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Do striatal push/pull circuits hold the key to compulsive, relapsing heroin addiction?

A Research Highlight on: Chemogenetic modulation of accumbens direct or indirect pathways bidirectionally alters reinstatement of heroin-seeking in high- but not low-risk rats, by O’Neal et al. (2019)

Many people use opioid drugs medically and some abuse them recreationally, but only a few of these go on to develop diagnosable substance use disorders [1]. Thus, a major goal of addiction neuroscience should be to identify the biological mechanisms that predispose certain individuals to problematic drug use. Preclinical studies model this phenomenon by identifying subpopulations of laboratory animals—typically rodents—that exhibit addiction-like compulsive seeking approximating the self-destructive, compulsive seeking observed in clinical populations. This approach offers a valuable platform to interrogate the neural mechanisms of addiction-like behavior, rather than the mechanisms of drug self-administration displayed by laboratory animals with few disincentives to pursuing addictive drugs [2].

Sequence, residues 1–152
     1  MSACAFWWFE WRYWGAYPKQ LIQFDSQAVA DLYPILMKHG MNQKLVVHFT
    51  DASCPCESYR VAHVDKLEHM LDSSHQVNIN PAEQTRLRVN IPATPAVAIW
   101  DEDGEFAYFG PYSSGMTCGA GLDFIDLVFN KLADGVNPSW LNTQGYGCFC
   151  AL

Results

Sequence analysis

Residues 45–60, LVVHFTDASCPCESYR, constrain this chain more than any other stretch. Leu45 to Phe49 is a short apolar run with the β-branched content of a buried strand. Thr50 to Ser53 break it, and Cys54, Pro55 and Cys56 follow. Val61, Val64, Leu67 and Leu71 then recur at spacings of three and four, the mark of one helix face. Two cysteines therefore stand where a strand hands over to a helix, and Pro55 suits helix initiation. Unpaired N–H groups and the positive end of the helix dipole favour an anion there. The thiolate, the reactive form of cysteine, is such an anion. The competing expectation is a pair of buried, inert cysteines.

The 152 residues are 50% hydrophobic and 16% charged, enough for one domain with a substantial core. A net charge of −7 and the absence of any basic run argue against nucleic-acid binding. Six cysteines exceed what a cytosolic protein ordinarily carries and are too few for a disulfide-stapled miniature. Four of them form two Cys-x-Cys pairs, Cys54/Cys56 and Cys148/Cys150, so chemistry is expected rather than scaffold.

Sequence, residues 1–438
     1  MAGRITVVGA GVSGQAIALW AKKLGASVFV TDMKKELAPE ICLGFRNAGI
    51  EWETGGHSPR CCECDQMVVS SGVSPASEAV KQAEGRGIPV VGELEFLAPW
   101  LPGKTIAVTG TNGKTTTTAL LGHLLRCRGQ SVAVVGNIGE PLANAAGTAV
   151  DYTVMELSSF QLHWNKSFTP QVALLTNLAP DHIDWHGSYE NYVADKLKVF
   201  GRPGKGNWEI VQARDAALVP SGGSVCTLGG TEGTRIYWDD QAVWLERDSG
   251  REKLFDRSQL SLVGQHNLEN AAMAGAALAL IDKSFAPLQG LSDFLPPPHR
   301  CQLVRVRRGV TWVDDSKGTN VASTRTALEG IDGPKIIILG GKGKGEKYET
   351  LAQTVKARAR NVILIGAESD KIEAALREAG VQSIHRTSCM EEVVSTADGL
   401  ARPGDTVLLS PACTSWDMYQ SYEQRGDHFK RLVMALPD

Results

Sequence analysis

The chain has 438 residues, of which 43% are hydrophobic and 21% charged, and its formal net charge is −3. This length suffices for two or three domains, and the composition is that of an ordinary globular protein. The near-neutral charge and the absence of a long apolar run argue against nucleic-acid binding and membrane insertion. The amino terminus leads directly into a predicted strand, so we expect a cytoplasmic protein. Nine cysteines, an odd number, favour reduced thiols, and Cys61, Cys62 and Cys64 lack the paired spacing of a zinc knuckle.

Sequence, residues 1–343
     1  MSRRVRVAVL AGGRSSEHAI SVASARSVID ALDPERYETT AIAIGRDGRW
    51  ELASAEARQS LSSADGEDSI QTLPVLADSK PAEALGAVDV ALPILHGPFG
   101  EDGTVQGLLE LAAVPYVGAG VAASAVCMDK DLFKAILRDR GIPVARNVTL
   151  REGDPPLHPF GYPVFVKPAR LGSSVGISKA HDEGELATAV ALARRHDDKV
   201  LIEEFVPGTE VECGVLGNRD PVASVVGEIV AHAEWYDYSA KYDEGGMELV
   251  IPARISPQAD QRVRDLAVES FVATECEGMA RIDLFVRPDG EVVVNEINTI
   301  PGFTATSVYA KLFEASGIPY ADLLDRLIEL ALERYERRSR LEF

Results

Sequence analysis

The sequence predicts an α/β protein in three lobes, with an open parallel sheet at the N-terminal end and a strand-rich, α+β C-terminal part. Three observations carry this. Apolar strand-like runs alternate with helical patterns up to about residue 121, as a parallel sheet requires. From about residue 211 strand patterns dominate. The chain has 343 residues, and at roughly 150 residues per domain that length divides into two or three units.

Toward this end, O’Neal and colleagues [3] describe a novel approach for identifying rats with apparent high versus low vulnerability for heroin taking and seeking. The authors trained rats to self-administer heroin on an intermittent access (IntA) schedule, which results in repeated spikes in brain drug concentrations, and which potently promotes addiction-like endophenotypes with other abused drugs [4]. Next, they tested the rats for motivated responding for heroin on a progressive ratio schedule, as well as cue-induced reinstatement following extinction training, an established model of drug relapse. Mirroring a seminal prior report on cocaine addiction-like behavior in rats [5], the authors measured six putatively DSM-5 substance use disorder-relevant behavioral measures and computed an overall ‘addiction severity’ score for each individual rat. These included (1) heroin intake across IntA training; (2) consistency of responding during IntA training; (3) drug seeking during periods of signaled non-drug-availability throughout IntA training; (4) motivation for heroin, as indicated by break point on the progressive ratio test; (5) resistance to extinction training; and (6) ‘relapse’ vulnerability on the cue-induced reinstatement test. Using this approach, the authors identified subpopulations of ‘vulnerable’ and ‘resilient’ rats that tended to show clusters of addiction-like symptoms. Notably, although most rats were high on more than one index, these were not always the same across rats, potentially indicating subtypes of addiction-like behaviors even within this “vulnerable” group.